But there are several reasons for things going wrong for Argentina. But first, let us fast forward to 2018. Bielsa is regarded as one of the pioneering coaches and a highly respectable figure in world football. Many of his former protégé, from Simeone to Pochettino became top managers in their own right for having played under him. Even Pep Guardiola has gone on to declare him as the best manager in the world.
Rewind back to 2002, it was an entirely different story. At first, the media began to scrutinize the players, with Veron being the number one target. Eventually, the focus shifted on Bielsa and his approach. Some argued that he may have been naive and had a shallow approach when dealing with the different opposition from the group stage. Against Nigeria, Argentina were perfect in every sense going forward. Veron came to the World Cup after having a torrid year with Manchester United. His debut season was disaster after failing to live up to the hype and price tag that the Red Devils paid for his service. But on that afternoon in Ibaraki, the world saw what they had been craving from him. Veron had one of his best games in a long time. Every pinpoint pass from him tormented the Nigerian defence. There were plenty of Coup d’œil moment from his time in Italy that made him United’s record breaking signing. Argentina’s front line may have been the culprit but the Super Eagles had a lot to thank their goalkeeper for. Shorunmu kept the score line at bay. It didn’t come as a surprise that he was named as the man of the match.
However, against England, there wasn’t going to be any thunderbolt occasion. Three Lions manager, Sven Goran Eriksson, knew Veron too well from their days at Lazio. He had the perfect remedy to annihilate Argentina’s approach. The answer? Nicky Butt. Veron’s teammate from United. Eriksson had already set up England to play a counter attacking game in order to defuse Argentina. But his master plan, was instructing Butt to be Veron’s shadow on that night in Saparro. Butt did a terrific job in suffocating Veron’s movement. Argentina asphyxiated with Veron unable to direct his team’s game play.
Bielsa was lambasted for not dropping Veron as soon as it was clear that things were not going to plan. Critics felt that his lack of analysis and evaluation of England’s strategy lead to Argentina’s defeat. Veron walked into a trap that was specially designed by Eriksson. Bringing Aimar much earlier, if not starting him in the game, might have worked. But as you will find, Bielsa’s direction had other problems too.
It is worth noting that in Bielsa’s 3-3-1-3 system, there was only room for one striker. The lone ranger policy up front meant either Batistuta or Crespo were being taken on by Sol Campbell and Rio Ferdinand for the most part. It was painful for Argentina fans to watch that considering the fact that Bielsa could have played both of them. Left without a target man, Argentina were forced to look for other options going forward. Bielsa begin to formulate an attack from the wings. Unable to crack the opponents’ full-backs, Ortega and Gonzalez had to start playing those typical English crossing game. This only made their game plan more predictable. The likes of Campbell and Ferdinand had it easy to head out every single attempt from Argentina. The critics began to wonder that Argentina looked more like a European team rather being themselves.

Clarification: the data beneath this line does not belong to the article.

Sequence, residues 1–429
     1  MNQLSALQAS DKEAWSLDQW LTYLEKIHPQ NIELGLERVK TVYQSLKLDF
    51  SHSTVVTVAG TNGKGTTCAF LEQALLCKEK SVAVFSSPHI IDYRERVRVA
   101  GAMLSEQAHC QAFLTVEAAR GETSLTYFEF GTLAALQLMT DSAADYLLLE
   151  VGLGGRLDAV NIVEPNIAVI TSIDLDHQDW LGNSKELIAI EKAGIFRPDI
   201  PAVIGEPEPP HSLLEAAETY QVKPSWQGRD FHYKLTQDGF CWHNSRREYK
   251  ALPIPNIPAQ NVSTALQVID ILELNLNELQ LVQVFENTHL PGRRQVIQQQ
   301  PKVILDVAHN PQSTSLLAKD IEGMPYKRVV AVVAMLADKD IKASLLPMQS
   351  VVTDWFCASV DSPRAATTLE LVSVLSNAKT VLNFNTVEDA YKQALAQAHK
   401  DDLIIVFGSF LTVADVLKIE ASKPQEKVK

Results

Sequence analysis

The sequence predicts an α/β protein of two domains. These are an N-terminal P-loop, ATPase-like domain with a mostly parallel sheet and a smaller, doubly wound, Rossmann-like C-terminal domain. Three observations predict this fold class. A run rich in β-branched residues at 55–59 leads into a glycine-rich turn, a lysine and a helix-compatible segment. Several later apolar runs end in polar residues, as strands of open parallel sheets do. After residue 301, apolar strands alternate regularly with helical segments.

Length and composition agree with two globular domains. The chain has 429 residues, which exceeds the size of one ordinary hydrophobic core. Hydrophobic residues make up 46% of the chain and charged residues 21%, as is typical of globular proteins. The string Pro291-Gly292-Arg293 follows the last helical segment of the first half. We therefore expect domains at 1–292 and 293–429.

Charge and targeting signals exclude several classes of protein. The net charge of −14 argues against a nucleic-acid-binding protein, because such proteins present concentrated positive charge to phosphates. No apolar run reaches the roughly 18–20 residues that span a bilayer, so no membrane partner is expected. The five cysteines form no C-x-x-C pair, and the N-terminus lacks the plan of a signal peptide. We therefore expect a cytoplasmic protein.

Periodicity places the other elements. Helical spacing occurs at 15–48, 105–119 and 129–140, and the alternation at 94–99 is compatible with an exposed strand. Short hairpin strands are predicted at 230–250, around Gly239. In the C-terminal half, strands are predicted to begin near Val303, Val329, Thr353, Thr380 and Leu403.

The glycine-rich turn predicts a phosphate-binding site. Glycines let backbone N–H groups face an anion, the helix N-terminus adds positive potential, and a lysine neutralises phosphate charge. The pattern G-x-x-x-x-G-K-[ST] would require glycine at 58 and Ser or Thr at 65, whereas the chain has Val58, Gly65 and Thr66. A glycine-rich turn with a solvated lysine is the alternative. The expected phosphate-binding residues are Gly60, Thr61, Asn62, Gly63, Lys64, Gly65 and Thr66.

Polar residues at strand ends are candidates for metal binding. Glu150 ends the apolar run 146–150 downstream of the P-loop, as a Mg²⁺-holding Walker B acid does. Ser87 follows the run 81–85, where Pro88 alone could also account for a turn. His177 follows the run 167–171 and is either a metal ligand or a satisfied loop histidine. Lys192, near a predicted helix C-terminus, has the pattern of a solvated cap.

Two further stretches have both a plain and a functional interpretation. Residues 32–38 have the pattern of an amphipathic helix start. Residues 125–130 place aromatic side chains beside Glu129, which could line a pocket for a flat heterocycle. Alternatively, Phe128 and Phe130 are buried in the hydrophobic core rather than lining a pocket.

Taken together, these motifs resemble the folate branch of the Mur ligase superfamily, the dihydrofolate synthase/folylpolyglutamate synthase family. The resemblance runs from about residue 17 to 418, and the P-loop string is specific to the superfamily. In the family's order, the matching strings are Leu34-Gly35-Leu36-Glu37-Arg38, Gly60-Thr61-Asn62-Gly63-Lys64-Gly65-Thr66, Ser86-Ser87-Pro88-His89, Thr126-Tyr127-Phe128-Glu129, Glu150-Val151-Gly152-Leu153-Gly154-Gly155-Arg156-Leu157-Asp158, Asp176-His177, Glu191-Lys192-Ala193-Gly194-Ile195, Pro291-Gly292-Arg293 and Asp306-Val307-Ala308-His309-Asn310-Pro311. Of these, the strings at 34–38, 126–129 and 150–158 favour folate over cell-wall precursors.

In Argentina’s last game, Sweden didn’t need to look elsewhere for pointers. The Sweden camp implemented the same pattern of display that was devised by their countryman in-charge of the English dugout. A tight back four marshalled by Johan Mjällby and Tobias Linderoth supporting from midfield, did the trick.
Argentina’s problem going forward was one thing, their defense had its own pitfall. Against Nigeria, Bielsa’s team looked flawless because the Super Eagles were also on the offensive. But England and Sweden opted an opposite approach. Argentina’s weakness certainly became visible. In every counter attacking situation, Argentina looked exposed at the back. Against England, Cavallero had to pull out crucial saves to stop Teddy Sheringham and Paul Scholes. If it wasn’t for the post, Sweden could have killed the game off as well.
The three man Centre-Back also had trouble subduing pacy strikers, in particular Michael Owen. Owen’s speed had been a problem for Argentina since France ‘98. Four years later, the sight of him running past Chamot brought nightmares even for Bielsa’s defense. It is an asset which Eriksson had exploited to its full effect. In Henrik Larsson, Sweden too had a striker with enough speed to cause plenty of problems for Argentina.
Despite the failure, Bielsa managed to keep his job. This was partly due to his record during the qualifiers which spoke volumes. But the critics back home were still not convinced with his overzealous approach. These censure intensified when Argentina lost the Copa America final in 2004. Bielsa did finally achieve glory when Argentina took the country’s first Olympics gold medal in 52 years. The happiness was short lived though as Bielsa announced his resignation by the end of the year.
For several years Bielsa remained away from the spotlight. It took years before the world began to acknowledge his work. Chile became the biggest benefactor of his high intensity approach. Across Europe, clubs like Barcelona took his gospel of possession based and high pressing game to new heights. As a football fan, one cannot help but wonder that, if Bielsa had remained in Argentina long enough to work with Lionel Messi, something extraordinary could have happened. But some things are best left undiscovered.